EAC has considerable unexploited potential in trade, but intra-regional trade is far below its potential.
The Chairman of the EAC Council of Ministers Dr Richard Sezibera says that intra-regional trade within the East African Community is currently very low standing at just less than 20%.
It is extremely low compared to the Southern African Development Community (SADC) where intra-regional trade levels stand at 46% and the EU at approximately 67%.
“As we talk about trade integration in East Africa, it is important to ask ourselves hard questions: To what extent have we exploited the potential we have as EAC Countries? To what extent have we seriously created synergy to realize regional development?,” poses Dr Sezibera.
He says the EAC has a lot of potential in the informal cross-border trade which is estimated to be as high as 50 per cent of formal trade in Africa.
Informal cross-border trade Sezibera says is a diverse source of livelihood for millions of people but a number of barriers are hindering it.
These include tariff and non-tariff barriers, excessive regulation and ease of infrastructure in Border towns.
He proposes solutions like the need to address aspects related to trade costs, harassment and corruption, infrastructure deficiency, excessive regulation, and excessive requirements at borders; and to formalize the informal sector as important policy directions required to support informal cross-border trade and enhance regional integration.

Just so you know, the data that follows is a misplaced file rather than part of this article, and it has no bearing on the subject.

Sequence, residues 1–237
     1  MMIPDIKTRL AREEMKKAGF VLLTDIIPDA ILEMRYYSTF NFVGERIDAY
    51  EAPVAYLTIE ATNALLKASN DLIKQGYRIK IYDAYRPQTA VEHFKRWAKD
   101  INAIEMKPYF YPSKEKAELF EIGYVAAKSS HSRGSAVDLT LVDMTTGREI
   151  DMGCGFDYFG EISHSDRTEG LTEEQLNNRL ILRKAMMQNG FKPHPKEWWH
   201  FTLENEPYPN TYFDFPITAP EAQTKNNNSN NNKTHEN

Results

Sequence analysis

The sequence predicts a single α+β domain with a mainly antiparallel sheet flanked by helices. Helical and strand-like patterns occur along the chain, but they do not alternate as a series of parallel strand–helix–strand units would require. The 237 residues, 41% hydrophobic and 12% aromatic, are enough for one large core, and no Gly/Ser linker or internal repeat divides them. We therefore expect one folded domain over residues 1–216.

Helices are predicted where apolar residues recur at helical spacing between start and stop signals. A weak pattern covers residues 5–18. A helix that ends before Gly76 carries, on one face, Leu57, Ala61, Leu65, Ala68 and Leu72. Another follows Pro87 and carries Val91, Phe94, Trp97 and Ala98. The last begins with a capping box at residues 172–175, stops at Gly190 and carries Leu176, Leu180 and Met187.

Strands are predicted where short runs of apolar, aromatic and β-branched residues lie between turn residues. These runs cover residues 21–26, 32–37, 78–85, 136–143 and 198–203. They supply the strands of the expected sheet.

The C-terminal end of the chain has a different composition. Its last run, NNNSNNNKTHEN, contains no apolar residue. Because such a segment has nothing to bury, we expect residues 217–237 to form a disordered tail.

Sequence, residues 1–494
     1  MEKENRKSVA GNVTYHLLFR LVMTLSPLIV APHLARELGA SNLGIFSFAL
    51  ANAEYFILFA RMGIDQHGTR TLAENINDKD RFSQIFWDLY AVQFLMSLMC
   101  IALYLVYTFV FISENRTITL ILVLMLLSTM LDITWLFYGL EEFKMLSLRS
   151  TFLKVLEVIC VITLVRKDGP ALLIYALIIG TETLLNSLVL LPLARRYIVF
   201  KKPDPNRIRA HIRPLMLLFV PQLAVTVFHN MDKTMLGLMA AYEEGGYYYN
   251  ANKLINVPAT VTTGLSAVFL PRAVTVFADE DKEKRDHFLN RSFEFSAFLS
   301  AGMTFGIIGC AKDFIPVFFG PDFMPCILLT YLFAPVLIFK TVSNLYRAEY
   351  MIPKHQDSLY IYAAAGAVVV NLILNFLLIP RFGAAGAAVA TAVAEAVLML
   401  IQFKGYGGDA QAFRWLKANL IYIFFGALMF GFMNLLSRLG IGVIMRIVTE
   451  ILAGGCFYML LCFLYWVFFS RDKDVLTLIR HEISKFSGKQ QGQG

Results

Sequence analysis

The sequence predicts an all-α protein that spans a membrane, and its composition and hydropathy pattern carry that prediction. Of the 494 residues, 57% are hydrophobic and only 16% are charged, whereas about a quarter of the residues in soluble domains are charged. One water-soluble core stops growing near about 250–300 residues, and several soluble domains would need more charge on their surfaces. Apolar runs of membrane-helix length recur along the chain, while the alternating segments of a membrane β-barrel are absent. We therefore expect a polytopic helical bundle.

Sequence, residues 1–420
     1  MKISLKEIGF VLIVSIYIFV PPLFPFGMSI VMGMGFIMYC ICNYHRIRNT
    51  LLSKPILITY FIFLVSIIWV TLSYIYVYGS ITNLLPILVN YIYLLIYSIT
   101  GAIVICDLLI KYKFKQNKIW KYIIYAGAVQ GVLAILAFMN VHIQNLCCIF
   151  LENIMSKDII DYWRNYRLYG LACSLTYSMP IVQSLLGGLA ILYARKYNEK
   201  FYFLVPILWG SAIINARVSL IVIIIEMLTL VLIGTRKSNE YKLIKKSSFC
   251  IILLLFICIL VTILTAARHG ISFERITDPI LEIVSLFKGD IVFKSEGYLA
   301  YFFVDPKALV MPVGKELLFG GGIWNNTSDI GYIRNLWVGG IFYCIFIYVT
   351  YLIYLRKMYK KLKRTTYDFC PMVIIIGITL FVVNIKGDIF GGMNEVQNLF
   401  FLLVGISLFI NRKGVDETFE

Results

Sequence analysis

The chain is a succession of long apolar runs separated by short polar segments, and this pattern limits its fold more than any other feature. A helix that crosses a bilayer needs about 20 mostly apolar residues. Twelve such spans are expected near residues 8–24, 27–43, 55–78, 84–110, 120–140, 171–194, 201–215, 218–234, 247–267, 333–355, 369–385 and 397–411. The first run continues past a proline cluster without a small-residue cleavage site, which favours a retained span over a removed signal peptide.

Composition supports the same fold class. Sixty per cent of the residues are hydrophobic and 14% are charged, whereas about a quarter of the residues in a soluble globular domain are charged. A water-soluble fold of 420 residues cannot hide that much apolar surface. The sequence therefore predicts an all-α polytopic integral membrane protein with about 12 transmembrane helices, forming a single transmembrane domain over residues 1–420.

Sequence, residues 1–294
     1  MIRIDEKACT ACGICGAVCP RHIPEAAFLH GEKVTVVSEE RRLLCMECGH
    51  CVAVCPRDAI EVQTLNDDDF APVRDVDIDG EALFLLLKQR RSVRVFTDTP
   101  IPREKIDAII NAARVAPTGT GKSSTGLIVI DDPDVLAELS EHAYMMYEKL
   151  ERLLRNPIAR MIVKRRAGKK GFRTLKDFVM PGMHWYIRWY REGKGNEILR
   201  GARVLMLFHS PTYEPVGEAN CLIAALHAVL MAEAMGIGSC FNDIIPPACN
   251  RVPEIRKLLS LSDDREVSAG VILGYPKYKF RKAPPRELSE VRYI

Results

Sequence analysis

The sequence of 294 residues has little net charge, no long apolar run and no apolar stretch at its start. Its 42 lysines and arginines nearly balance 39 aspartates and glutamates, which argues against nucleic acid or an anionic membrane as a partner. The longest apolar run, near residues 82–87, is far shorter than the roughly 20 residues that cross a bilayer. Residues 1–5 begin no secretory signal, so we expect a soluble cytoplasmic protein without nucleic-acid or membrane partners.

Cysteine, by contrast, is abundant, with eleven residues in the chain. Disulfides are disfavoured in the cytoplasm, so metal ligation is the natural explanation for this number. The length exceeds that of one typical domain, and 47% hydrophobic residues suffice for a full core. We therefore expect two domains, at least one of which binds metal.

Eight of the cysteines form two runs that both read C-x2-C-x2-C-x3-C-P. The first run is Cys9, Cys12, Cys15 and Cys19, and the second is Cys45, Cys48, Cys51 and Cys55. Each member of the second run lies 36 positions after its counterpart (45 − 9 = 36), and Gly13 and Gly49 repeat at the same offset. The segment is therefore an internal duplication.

The Chairman says the recent discovery of natural resources – natural gas and oil in Kenya, Tanzania, and Uganda and existing oil exploitation in South Sudan lacks concerted regional effort to ensure their optimal exploitation for the benefit of member states.
He says a regional approach would greatly help to optimize the potential benefits of the natural resources.
On transportation, Dr Sezibera says the region’s surface transportation costs associated with logistics in East Africa are higher than in any other region in the world.
Despite the huge investment in the road and rail infrastructure by the governments of EAC countries, he observes that EAC has not fully exploited the potential in this area including the utilization of waterways particularly on Lake Victoria and Lake Tanganyika which is very poor.
The region according to the Chairman has not enhanced creating value chains in its production processes.
“Adopting a regional approach to address capability gaps is crucial to developing inclusive regional value chains in which local producers are linked and adequately compensated through integration in supply chains of emerging regional firms.
“These efforts should include regional integration plans making use of domestic and regional competitive advantages and trade institutions. The resulting productivity gains can help raise incomes and make value chains truly global by increasing FDI and attracting international demand,” says Dr Sezibera.
“It is an open secret that we want to industrialize, but again, how have we fared on with this important goal? In some cases, Partner States depend on a few manufactured products for export.
This may not be sustainable and indeed exposes such economies to shock, if things change in the global markets. The manufacturing sector has weak links with other sectors in terms of forward and backward linkages.
The EAC capacity to export manufactured products is just above a half of its capacity to produce such products, implying that most of its production caters for its own markets.
The way forward for the bloc to realize this goal of becoming a manufacturing hub and a gateway to investing not only in EAC but also in Africa. Industrial policies should promote structural change – from agriculture to labour-intensive or resource based-manufacturing at an early stage of industrialization” he opines on industrialization.
BY ALEXANDER MWANGI